French authorities have banned the use of the GLI-F4 grenade after several protesters sustained serious injuries, losing hands and fingers. In an interview with television channel France 3, Interior Minister Christophe Castaner said the tear gas grenade, which is described as a weapon of war in manuals, would no longer be used by law enforcement officials as too many people have been injured. The minister stressed that the ban would take immediate effect.
Protests against Emmanuel Macron’s policies continue across the country. Demonstrators often clash with police officers, who use tears gas in order to disperse protesters. In December 2018, a man had his hand torn off after he picked up a CLI-F4 grenade and tried to throw it away. Another demonstrator lost his fingers attempting to toss the grenade.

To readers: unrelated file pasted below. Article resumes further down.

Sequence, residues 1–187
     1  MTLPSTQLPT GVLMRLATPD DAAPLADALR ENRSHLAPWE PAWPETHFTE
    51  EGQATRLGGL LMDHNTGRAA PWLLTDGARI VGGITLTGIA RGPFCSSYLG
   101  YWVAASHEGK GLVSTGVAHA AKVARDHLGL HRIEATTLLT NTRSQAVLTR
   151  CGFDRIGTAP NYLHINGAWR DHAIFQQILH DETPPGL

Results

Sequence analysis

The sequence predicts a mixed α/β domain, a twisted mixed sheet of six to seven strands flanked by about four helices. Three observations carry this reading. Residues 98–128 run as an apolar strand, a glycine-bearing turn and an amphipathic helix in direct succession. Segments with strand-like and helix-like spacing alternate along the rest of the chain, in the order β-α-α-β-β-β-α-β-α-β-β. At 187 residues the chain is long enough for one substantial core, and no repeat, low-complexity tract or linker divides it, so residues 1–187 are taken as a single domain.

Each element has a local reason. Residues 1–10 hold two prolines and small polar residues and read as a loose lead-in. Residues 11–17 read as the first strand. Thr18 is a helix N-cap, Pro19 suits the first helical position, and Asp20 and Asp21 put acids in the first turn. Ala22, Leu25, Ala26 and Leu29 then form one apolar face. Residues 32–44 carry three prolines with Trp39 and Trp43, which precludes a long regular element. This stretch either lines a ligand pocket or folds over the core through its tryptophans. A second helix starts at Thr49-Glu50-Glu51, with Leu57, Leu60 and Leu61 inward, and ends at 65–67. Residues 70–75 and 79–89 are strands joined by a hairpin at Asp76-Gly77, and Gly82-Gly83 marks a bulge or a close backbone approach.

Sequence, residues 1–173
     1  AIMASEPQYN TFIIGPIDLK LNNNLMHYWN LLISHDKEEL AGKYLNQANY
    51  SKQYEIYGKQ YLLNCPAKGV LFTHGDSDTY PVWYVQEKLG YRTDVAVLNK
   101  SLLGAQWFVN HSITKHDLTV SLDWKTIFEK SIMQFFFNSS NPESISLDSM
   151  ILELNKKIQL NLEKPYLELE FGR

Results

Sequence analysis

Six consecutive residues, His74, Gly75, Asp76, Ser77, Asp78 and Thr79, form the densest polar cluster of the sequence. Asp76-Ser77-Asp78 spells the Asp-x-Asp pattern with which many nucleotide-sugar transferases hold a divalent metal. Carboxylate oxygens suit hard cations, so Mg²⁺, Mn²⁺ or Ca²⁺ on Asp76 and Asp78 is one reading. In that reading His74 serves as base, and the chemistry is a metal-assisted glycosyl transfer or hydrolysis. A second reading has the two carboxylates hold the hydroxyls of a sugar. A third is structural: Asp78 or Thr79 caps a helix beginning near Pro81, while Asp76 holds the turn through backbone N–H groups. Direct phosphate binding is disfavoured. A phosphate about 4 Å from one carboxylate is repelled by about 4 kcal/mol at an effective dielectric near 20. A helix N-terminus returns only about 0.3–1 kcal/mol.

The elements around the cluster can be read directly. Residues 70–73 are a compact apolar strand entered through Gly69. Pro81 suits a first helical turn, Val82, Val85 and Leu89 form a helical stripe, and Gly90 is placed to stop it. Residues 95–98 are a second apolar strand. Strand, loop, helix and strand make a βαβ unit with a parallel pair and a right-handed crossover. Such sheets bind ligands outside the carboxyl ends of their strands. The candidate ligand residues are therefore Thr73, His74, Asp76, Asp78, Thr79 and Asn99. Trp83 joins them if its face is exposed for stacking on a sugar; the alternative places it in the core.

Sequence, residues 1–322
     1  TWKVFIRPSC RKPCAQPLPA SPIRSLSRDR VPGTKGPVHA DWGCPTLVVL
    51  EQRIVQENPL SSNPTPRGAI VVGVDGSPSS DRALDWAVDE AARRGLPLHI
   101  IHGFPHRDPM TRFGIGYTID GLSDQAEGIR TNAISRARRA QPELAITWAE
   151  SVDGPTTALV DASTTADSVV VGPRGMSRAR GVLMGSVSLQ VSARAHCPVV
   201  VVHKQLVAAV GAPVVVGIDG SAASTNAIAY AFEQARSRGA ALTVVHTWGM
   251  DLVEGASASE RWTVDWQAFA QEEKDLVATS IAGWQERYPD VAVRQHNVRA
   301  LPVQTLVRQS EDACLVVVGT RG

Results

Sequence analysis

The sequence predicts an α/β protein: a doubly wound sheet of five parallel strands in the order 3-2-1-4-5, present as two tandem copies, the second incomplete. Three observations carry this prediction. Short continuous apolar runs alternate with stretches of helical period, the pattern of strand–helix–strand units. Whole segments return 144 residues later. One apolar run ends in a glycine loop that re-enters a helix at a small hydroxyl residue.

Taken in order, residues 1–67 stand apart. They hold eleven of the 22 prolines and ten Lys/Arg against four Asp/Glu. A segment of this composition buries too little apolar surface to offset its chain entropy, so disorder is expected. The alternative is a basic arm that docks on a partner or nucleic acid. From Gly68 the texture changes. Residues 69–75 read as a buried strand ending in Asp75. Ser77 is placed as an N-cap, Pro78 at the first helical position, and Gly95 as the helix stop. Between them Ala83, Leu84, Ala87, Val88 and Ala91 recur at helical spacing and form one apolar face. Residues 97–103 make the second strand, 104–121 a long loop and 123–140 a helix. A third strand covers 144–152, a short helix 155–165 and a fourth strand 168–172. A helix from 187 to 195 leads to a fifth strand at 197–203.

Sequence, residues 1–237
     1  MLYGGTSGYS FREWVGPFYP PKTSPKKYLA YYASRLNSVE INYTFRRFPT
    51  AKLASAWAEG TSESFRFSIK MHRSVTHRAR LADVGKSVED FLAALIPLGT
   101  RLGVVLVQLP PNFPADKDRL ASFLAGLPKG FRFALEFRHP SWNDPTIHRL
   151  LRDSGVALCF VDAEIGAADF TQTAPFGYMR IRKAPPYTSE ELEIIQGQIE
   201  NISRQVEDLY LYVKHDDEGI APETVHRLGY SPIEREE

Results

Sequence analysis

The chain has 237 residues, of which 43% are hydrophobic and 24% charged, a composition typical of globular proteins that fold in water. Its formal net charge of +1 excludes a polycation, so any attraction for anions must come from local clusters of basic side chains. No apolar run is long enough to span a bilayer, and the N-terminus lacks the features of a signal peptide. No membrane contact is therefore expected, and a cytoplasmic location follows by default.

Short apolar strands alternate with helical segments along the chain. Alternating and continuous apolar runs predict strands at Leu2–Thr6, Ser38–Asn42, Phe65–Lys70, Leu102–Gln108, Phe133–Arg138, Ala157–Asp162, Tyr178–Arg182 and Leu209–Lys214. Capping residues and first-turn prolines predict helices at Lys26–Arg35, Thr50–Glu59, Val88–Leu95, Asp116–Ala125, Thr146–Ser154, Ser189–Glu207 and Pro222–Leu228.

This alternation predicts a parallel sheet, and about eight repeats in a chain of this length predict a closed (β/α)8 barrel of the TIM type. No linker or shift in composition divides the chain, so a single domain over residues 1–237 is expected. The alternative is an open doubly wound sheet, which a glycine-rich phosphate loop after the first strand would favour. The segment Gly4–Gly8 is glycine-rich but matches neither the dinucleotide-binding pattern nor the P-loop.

France was the only country that used the GLI-F4, which contains an explosive charge of 26 grams of TNT. In 2017, French authorities banned the OF-F1 stun grenade because it was linked to the death of a 21-year-old man. Botanist and environmental campaigner Remi Fraisse was killed during a protest against the construction of a dam in the city of Toulouse.
Members of the Yellow Vests social movement, named after yellow visibility vests all drivers are required to have in their vehicles, have been protesting in major French cities since 2018. Initially, the demonstrators rallied against the rise of fuel prices and high cost of living, but the protests later widened into opposition against President Emmanuel Macron and his government. Demonstrators believe the Macron's proposed policies favour the elite and hurt the working class. The recent rallies in the country are against proposed pension reform.